Upsampling and Downsampling

For the DTFT, we proved in Chapter 2 (p. p. [*]) the stretch theorem (repeat theorem) which relates upsampling (``stretch'') to spectral copies (``images'') in the DTFT context; this is the discrete-time counterpart of the scaling theorem for continuous-time Fourier transformsB.4). Also, §2.3.12 discusses the downsampling theorem (aliasing theorem) for DTFTs which relates downsampling to aliasing for discrete-time signals. In this section, we review the main results.

Upsampling (Stretch) Operator

Figure: Upsampling by a factor of $ N$ : $ y \isdeftext
\hbox{\sc Stretch}_N(x)$ .

Figure 11.1 shows the graphical symbol for a digital upsampler by the factor $ N$ . To upsample by the integer factor $ N$ , we simply insert $ N-1$ zeros between $ x(n)$ and $ x(n+1)$ for all $ n$ . In other words, the upsampler implements the stretch operator defined in §2.3.9:

y(n) &=& \hbox{\sc Stretch}_{N,n}(x)\\
&\isdef & \left\{\begin{array}{ll}
x(n/N), & \frac{n}{N}\in{\bf Z} \\ [5pt]
0, & \hbox{otherwise}. \\
\end{array} \right.

In the frequency domain, we have, by the stretch (repeat) theorem for DTFTs:

Y(z) &=& \hbox{\sc Repeat}_{N,z}(X)\\
&\isdef & X(z^N), \quad z\in{\bf C}.

Plugging in $ z=e^{j\omega}$ , we see that the spectrum on $ [-\pi,\pi)$ contracts by the factor $ N$ , and $ N$ images appear around the unit circle. For $ N=2$ , this is depicted in Fig.11.2.

Figure: Illustration of $ \hbox {\sc Repeat}_2$ in the frequency domain.

Downsampling (Decimation) Operator

Figure: Downsampling by $ N$ .

Figure 11.3 shows the symbol for downsampling by the factor $ N$ . The downsampler selects every $ N$ th sample and discards the rest:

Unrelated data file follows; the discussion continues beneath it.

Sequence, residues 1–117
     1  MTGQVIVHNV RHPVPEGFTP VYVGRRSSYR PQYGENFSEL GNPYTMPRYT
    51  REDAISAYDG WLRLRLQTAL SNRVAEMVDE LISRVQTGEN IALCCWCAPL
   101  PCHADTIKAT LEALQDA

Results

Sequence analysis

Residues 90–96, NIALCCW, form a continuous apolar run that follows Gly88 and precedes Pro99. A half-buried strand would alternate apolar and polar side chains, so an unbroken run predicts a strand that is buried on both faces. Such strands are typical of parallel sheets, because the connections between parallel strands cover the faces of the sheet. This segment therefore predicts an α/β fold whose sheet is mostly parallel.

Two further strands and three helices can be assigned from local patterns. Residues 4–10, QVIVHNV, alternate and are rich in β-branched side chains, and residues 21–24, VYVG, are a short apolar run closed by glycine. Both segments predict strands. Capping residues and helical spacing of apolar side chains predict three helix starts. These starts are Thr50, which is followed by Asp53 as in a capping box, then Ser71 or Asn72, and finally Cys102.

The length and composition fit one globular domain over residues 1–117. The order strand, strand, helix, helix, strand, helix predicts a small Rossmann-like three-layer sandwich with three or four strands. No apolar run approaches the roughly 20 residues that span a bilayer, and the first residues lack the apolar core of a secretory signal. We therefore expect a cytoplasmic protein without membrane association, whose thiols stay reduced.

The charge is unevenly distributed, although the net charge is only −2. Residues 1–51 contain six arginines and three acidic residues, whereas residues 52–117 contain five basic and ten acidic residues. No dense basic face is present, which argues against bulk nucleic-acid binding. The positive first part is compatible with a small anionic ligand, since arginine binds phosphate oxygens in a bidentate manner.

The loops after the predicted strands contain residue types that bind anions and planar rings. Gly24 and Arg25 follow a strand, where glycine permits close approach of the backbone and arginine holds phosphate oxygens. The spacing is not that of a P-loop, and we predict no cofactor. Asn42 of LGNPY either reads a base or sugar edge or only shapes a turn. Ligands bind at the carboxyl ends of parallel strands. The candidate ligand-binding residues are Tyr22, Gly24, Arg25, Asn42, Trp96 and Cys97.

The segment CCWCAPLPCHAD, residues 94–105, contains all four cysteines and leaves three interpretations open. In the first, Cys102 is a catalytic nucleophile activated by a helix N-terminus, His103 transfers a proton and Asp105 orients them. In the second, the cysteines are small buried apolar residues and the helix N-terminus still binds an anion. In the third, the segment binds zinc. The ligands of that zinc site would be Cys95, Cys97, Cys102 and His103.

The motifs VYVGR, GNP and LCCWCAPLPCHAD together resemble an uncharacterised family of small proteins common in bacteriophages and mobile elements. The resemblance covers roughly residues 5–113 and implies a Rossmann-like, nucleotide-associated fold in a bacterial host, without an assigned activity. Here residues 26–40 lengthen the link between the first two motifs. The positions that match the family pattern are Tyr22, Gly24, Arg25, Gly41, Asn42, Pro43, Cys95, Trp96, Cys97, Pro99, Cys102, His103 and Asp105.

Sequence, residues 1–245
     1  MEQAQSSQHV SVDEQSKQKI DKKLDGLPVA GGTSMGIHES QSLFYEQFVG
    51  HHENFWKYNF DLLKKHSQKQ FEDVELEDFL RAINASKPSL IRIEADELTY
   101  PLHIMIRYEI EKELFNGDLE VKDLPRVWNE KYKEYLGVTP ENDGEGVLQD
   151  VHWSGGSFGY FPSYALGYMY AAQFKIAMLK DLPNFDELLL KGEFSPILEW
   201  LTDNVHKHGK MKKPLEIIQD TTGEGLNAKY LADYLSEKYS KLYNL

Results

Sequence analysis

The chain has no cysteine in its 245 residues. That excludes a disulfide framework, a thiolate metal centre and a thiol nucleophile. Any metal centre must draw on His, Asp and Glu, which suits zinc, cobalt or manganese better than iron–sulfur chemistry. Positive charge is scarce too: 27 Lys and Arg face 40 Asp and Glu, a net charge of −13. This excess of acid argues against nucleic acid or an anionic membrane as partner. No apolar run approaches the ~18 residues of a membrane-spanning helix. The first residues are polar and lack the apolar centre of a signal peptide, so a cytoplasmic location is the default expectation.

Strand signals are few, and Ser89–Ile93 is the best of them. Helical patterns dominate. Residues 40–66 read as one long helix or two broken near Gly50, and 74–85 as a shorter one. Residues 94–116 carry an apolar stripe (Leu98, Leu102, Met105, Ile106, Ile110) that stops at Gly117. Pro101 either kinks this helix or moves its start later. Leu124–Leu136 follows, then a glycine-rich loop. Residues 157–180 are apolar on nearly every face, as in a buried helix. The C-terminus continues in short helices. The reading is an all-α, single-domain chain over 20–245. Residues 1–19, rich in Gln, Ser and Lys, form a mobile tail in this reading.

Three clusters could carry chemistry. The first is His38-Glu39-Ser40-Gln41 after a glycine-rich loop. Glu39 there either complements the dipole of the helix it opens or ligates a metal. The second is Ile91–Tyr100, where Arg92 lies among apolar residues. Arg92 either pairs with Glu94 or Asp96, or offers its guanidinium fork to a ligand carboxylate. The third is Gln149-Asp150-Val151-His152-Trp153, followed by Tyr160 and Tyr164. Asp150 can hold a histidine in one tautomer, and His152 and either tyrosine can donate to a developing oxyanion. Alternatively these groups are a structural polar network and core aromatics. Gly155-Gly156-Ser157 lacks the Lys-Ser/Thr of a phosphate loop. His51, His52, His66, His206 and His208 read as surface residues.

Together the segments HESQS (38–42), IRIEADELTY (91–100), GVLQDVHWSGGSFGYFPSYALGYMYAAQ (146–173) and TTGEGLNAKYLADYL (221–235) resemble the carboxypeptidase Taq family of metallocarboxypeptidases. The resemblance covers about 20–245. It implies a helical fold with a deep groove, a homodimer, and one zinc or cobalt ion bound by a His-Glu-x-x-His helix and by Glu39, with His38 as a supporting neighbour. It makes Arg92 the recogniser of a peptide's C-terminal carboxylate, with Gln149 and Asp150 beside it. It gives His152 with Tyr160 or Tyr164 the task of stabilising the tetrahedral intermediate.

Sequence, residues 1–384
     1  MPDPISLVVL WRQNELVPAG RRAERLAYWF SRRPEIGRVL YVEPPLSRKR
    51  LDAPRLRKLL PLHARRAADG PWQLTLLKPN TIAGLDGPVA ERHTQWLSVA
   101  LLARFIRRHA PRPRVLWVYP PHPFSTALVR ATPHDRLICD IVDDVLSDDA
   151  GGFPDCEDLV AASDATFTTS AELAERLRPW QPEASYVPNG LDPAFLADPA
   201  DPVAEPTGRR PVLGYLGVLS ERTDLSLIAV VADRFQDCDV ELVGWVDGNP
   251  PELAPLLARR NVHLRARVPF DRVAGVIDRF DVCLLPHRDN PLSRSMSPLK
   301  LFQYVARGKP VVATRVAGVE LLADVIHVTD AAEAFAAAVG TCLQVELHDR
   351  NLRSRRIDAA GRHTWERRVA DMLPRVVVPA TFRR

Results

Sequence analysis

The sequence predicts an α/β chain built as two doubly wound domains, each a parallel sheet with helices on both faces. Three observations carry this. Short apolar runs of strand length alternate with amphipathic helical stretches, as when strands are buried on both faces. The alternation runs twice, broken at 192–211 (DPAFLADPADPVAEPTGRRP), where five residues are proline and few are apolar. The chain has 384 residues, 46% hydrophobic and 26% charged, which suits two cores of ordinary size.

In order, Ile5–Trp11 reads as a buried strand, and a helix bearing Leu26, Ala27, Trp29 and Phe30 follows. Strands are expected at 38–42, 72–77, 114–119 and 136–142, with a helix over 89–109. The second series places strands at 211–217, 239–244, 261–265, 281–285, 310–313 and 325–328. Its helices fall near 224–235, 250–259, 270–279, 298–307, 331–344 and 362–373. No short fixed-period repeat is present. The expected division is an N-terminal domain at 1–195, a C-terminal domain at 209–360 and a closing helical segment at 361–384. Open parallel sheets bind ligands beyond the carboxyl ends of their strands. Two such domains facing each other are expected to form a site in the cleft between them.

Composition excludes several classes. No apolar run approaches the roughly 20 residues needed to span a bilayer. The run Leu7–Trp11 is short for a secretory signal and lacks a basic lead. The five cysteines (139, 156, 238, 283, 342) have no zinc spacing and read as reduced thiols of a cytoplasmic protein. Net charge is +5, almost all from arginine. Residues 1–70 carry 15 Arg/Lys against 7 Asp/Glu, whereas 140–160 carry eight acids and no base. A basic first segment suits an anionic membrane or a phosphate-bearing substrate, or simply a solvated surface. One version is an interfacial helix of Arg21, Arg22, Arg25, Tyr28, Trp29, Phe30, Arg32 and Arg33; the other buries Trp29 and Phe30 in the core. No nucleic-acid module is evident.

y(n) &=& \hbox{\sc Downsample}_{N,n}(x)\\
&\isdef & x(Nn), \quad n\in{\bf Z}

In the frequency domain, we have

Y(z) &=& \hbox{\sc Alias}_{N,z}(X)\\
&\isdef &
\frac{1}{N} \sum_{m=0}^{N-1} X\left(z^\frac{1}{N}e^{-jm\frac{2\pi}{N}} \right),
\quad z\in{\bf C}.

Thus, the frequency axis is expanded by the factor $ N$ , wrapping $ N$ times around the unit circle, adding to itself $ N$ times. For $ N=2$ , two partial spectra are summed, as indicated in Fig.11.4.

Figure: Illustration of $ \hbox {\sc Alias}_2$ in the frequency domain.

Using the common twiddle factor notation

$\displaystyle W_N \isdefs e^{-j2\pi/N},$ (12.1)

the aliasing expression can be written as

$\displaystyle Y(z) \eqsp \frac{1}{N} \sum_{m=0}^{N-1} X(W_N^m z^{1/N}).

Example: Downsampling by 2

For $ N=2$ , downsampling by 2 can be expressed as $ y(n) = x(2n)$ , so that (since $ W_2\isdef e^{-j2\pi/2}=-1$ )

Y(z) &=& \frac{1}{2}\left[X\left(W^0_2 z^{1/2}\right) + X\left(W^1_2 z^{1/2}\right)\right] \\ [5pt]
&=& \frac{1}{2}\left[X\left(e^{-j2\pi 0/2} z^{1/2}\right) + X\left(e^{-j2\pi 1/2}z^{1/2}\right)\right] \\ [5pt]
&=& \frac{1}{2}\left[X\left(z^{1/2}\right) + X\left(-z^{1/2}\right)\right] \\ [5pt]
&=& \frac{1}{2}\left[\hbox{\sc Stretch}_2(X) + \hbox{\sc Stretch}_2\left(\hbox{\sc Shift}_\pi(X)\right)\right].

Example: Upsampling by 2

For $ N=2$ , upsampling (stretching) by 2 can be expressed as